Another month, another opportunity to write about topics that circulate across design centric publications, forums and workshops. Design Thinking and the relationship with Design Processes, is something I’ve decided to tackle this time around. My reasons to tackle this topic, derive from the fact that throughout my experience I’ve been very fortunate to be a part of organizations where the Design discipline was considered an equal partner and an actual differentiating factor from a sea of competitors, but I’ve also been in organizations where the discipline was mostly seen as a production centric facility, in existence solely to provide services and not actually provide solutions. With the tremendous success that has been achieved by widely known companies, some of which have placed a large responsibility for those laurels with the Design discipline, there’s been an obvious thirst for many other companies, some veterans in their field, some others barely starting, to incorporate Design Thinking into their DNA. This is actually something very similar to what I described in one of my earlier articles about Innovation, and how to bring that type of philosophy and approach to an organization: recognizing its usefulness is indeed imperative, but in order to successfully understand what it entails and how it can be made part of an organism as complex as an organization is an entirely different situation and challenge. There are plenty of Workshops and currently plenty of Speakers going around, selling the concept of “Design Thinking” to whomever will hear them. And thankfully so — even if at times the messaging needs some polish, adequacy to its listeners, and ultimately contextualization, the fact that there are professionals out there teaching and educating about Design Thinking is in fact a good thing. Hopefully it’s something that will lead to more integrated solutions, better collaboration between teams and ultimately to rewarding experiences and products to be enjoyed by all.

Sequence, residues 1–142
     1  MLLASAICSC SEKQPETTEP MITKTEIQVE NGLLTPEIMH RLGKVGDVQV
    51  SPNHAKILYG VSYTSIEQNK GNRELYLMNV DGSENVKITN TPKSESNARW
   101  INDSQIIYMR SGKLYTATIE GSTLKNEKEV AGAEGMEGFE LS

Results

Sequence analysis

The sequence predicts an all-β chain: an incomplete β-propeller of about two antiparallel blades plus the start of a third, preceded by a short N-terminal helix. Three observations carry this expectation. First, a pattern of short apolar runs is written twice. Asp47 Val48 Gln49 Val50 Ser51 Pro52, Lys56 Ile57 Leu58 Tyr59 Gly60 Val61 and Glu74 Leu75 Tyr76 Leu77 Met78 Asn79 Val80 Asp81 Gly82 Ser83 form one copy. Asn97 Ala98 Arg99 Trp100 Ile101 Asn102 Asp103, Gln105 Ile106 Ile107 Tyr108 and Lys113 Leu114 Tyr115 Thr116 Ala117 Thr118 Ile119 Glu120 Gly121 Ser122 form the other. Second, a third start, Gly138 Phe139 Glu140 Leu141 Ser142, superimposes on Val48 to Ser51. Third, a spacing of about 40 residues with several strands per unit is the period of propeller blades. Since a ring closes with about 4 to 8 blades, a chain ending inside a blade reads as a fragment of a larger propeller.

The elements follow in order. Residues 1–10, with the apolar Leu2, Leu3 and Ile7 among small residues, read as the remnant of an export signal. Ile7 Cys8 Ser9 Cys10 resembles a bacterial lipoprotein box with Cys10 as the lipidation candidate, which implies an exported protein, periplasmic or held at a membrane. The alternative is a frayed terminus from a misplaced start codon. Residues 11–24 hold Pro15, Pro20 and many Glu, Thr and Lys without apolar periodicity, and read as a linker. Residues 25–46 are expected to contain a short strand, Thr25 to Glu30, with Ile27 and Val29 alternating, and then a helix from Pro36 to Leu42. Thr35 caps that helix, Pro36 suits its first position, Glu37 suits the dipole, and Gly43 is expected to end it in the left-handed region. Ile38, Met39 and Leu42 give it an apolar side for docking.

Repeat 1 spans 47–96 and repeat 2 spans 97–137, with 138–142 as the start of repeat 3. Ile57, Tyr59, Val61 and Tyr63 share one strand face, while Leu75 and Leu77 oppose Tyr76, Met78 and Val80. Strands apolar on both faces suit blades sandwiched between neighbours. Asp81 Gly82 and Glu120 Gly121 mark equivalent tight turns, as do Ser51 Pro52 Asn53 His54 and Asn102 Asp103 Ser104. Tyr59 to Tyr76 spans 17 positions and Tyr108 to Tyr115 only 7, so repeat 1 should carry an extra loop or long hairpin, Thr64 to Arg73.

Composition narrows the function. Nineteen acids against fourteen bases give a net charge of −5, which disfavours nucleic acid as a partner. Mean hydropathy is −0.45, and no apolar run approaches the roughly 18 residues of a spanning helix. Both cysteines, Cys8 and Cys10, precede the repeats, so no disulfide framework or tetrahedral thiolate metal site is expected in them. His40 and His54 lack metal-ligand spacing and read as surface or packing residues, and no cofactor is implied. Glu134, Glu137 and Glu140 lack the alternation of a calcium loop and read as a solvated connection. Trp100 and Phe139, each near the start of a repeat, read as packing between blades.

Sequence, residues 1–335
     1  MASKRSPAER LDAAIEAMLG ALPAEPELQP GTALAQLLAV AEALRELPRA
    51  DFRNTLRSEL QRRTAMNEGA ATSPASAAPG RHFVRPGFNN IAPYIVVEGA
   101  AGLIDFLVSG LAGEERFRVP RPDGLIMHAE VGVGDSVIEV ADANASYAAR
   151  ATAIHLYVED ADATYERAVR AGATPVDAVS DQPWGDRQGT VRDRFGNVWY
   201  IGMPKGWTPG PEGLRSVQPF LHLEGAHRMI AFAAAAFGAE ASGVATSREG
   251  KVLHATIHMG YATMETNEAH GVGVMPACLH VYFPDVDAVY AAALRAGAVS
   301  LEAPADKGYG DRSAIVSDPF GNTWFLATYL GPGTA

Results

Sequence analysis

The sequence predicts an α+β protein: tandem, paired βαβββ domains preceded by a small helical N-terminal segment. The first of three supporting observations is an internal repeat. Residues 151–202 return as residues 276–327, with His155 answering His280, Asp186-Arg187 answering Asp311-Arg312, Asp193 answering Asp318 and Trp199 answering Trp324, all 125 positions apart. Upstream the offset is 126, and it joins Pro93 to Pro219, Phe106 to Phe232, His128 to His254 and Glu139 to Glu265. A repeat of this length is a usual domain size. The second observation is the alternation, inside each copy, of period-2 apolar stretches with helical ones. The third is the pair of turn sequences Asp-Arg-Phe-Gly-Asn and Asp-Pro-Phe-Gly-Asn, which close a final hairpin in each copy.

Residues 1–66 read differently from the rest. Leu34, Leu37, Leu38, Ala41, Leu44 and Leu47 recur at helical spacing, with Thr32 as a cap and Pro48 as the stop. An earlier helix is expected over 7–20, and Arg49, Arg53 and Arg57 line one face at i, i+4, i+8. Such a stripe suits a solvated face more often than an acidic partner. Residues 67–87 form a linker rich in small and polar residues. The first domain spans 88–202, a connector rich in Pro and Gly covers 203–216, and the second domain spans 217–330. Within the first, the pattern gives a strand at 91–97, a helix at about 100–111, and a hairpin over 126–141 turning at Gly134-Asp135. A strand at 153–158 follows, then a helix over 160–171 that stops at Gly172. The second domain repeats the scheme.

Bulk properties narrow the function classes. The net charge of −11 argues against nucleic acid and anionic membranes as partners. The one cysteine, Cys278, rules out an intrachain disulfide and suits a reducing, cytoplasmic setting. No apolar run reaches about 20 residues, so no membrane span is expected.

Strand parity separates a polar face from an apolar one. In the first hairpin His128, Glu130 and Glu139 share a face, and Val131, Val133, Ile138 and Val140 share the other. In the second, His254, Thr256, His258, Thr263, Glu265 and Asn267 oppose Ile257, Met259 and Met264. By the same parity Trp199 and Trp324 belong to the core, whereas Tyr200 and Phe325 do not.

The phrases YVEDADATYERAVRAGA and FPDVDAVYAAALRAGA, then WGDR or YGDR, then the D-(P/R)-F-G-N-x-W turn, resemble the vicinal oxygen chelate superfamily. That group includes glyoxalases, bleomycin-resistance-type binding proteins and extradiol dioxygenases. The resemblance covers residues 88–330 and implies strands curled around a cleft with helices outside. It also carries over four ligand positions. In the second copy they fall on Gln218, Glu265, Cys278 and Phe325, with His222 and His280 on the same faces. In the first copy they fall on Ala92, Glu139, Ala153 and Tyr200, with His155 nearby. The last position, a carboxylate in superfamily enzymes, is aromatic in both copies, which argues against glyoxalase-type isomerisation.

1.How does an organization recognize the importance of Design Thinking, how does it make a successful education, approach, implementation and adoption — Having witnessed several workshops and different presenters explain the concept of Design Thinking to eclectic crowds, it typically provokes a repetitive realization on me. Designers, Speakers and Consultants who have been a part of successful organizations which have implemented Design Thinking processes and methodologies, can’t really communicate how their experiences are applicable to the different groups they tend to present these findings to. Part of that issue lies with the lack of presentational skills, communication skills, and ultimately not knowing how to prepare a presentation that has to satisfy eclectic groups with different experiences and expectations. But another crucial reason lies in the fact that every experience is a deeply personal one, and trying to replicate one experience and solution on a vastly different organization, group, industry, team, may not always produce the same exact results. To give a specific example pertaining to my professional career: I taught Design (Web & Multimedia Products, Video for Web) for many years in Professional Institutes. I am a certified trainer, and as such, was presented with groups that were diversified in their backgrounds, including education and professional expertises. I taught groups which included seasoned professionals from CISCO for instance, to younger Design professionals fresh out of college wanting to learn about Web Products and Applications. The common denominator and challenge is always understanding the backgrounds, expectations, and prepare the content in a way that is rewarding for all audiences. Ultimately, build presentations, content that is engaging, and case studies that can build a bridge to everyone’s personal experiences. What I’m trying to say with this, is that when an organization recognizes that the Design discipline can be a differentiating factor, and produce value for the company, this is something to applaud. But this is the very beginning of the journey, and in order to make this a successful expedition, much like a trekking exploration, there has to be research, preparation of participants, collection of materials indispensable for the journey, clarification of goals, points of reflection, pause, identification of possible mistakes, and eventually find ing the perfect spot (the KPI that everyone wants to define). Recognizing the importance of Design as a partner is effectively crucial, but that is something that needs to be educated and shared across teams. Explaining that Design Thinking involves different steps, such as Understanding, Exploring and Materializing is of course crucial, but more than that, before defining and implementing without reason, there is a need of finding Designers who can communicate this process (effective Designers are in many ways, facilitators, educators and catalysts). Design Thinking isn’t only about figuring out innovative solutions through an articulated process, it’s ultimately about reaching a collaboration and a balance where the solutions are effectively reached, but through a democratic participation, where everyone gets to have a stake in the success of what is being delivered to the user. In order to implement and internalize this process, there has to be a sharing and education of what the process is about, and that can only be done by integrating efforts, by understanding the intricacies of businesses, the complexity of different organizations. Being able to diagnose all this internally (and marrying it with an assessment of the outside competitive landscape, trends, industry standards, market evolution, political and ecological environment), makes for a more realistic, understandable and ultimately usable Design Thinking process and approach in any organization.